We’re doing the Messiah this week with the chorus. I guess it’s early because they’ve got too many other concerts going on in December. Plus, they could be figuring they’ll take advantage of the Thanksgiving family time.
I love doing the Messiah (see here and here and here for stories). It’s always a joy to sing. And even though this is the fourth time I’ve done it with the SFSC, I still enjoy it. It helps that we drop right into it, and go. For us returning choristers, it’s two rehearsals with our conductor, one with the guest conductor, one with the orchestra, and then it’s performance time. Boom. There’s always an adjustment period as we catch the nuances of how the guest conductor wants to take certain parts, but we follow and go with him. And there’s always something to work on individually – I did the fast runs better tonight than I’ve ever done them, but I’m still working on the control of my voice between different registers as we shift tones in the various choruses.
Anyway, just got back from the first performance of this set of Messiahs. It went really well. Our conductor Vance George said we sounded the best of any of the Messiahs that the SFSC has done with him. I thought he might have been exuberantly exaggerating, but as we were walking back to the parking lot, one of the violists said the same thing – in fact, he said this might have been the best Messiah he’s been part of. Whoa.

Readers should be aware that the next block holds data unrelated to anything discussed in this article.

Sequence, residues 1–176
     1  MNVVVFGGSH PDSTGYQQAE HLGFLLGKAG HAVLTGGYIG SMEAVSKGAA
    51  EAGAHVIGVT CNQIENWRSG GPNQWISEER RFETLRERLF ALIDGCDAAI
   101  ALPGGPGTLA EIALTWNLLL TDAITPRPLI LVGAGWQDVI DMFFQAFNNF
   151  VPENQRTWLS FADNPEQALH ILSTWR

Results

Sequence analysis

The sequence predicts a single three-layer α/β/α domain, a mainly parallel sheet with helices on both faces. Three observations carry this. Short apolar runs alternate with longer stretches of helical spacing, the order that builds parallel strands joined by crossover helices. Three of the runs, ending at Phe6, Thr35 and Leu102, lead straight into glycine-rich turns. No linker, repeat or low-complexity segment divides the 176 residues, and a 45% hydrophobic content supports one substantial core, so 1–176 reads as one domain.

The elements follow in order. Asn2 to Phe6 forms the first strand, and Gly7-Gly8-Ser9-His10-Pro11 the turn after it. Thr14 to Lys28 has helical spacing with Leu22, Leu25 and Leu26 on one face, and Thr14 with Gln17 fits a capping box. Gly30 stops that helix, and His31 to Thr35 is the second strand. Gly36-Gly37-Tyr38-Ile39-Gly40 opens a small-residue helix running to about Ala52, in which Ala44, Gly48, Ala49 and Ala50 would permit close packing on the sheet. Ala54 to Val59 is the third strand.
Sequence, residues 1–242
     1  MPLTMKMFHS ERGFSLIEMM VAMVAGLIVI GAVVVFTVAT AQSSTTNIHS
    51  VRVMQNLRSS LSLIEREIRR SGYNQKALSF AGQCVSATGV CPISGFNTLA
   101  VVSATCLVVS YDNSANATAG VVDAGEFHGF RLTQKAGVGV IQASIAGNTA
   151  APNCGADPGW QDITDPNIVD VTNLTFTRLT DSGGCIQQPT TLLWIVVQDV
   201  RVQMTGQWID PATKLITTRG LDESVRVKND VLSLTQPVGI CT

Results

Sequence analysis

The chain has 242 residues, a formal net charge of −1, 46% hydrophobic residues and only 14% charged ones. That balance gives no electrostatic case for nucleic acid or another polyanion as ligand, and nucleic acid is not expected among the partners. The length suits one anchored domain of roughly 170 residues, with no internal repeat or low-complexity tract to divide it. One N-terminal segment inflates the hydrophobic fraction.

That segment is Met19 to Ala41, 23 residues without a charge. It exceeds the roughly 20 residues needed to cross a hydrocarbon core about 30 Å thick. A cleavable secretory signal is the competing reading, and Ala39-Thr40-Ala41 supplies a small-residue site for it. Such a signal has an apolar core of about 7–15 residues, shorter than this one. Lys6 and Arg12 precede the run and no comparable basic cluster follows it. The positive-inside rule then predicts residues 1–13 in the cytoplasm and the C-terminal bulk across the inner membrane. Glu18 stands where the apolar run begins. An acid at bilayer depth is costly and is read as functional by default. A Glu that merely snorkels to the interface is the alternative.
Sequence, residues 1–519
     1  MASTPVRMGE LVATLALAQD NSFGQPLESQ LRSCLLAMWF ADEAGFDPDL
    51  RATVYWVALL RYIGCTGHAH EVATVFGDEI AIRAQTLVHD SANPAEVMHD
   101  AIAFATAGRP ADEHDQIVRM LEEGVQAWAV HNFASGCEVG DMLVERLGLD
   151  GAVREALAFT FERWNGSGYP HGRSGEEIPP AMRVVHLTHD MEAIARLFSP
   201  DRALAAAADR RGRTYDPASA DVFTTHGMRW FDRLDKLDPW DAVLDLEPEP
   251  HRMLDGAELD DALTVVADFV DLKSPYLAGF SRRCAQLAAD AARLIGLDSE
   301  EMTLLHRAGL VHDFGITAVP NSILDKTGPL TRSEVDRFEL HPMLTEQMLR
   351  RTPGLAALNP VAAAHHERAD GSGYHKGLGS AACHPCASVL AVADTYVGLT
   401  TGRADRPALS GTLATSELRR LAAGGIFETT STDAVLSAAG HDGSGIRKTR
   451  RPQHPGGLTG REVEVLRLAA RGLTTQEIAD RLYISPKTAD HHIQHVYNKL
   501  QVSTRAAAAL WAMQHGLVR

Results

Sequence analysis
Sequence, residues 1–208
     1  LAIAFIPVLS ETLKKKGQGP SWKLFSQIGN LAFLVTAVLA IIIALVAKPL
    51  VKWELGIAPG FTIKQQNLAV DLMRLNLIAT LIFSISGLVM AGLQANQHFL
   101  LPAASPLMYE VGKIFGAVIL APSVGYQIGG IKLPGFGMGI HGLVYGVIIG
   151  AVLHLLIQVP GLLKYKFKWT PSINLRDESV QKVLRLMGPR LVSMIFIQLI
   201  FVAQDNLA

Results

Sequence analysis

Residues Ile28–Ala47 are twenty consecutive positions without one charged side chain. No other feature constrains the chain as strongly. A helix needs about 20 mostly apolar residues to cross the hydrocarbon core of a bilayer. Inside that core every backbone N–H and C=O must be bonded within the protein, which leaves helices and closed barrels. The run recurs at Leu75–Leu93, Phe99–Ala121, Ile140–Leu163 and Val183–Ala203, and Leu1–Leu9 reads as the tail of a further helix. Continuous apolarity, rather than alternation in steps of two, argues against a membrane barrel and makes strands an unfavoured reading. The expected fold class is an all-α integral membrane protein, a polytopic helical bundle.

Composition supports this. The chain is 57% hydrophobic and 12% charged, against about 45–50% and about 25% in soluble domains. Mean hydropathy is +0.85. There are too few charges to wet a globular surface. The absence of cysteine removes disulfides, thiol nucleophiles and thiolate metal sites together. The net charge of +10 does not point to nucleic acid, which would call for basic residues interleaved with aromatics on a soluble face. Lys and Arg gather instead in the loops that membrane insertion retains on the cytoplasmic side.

Harry Christophers is the conductor this time around. He’s best known for conducting The Sixteen, a classical a cappella group. As a choral guy, he’s got a real sense of the effect he wants and how to get it. And he knows his baroque music, which the orchestra appreciates. So it all fits together and speeds right along.
The soloists are also fabulous. The soprano Carolyn Sampson in particular deserves praise. When Christophers started the Rejoice aria at a fast tempo, another bass and I looked at each other with looks of dismay as we thought “The soprano is doomed!” (the Rejoice aria has loads of really difficult runs of sixteenth notes). Instead she just tossed off the runs effortlessly, almost mockingly, or cheekily, as two basses described it at intermission. It was a sight to behold.
Tickets still available for Friday and Saturday (Sunday’s looking sold out) if you’re local and interested.
Oh, and as usual, been too busy to post. Successfully finished off the two projects at work today, shipping CDs out to two major clients before Thanksgiving, as promised. And then rehearsing for the Messiah this week. Several ideas to post about – I’m reading a fabulous book called Mediated, by Thomas De Zengotita, which makes me want to write a blog post at least once a chapter. Two posts I definitely want to write are on how the secret of popular middle school girls is the construction of a Wittgensteinian language game, and why his explanation for the replacement of heroes with celebrity is related to horoscopes and Tarot cards. Maybe this weekend.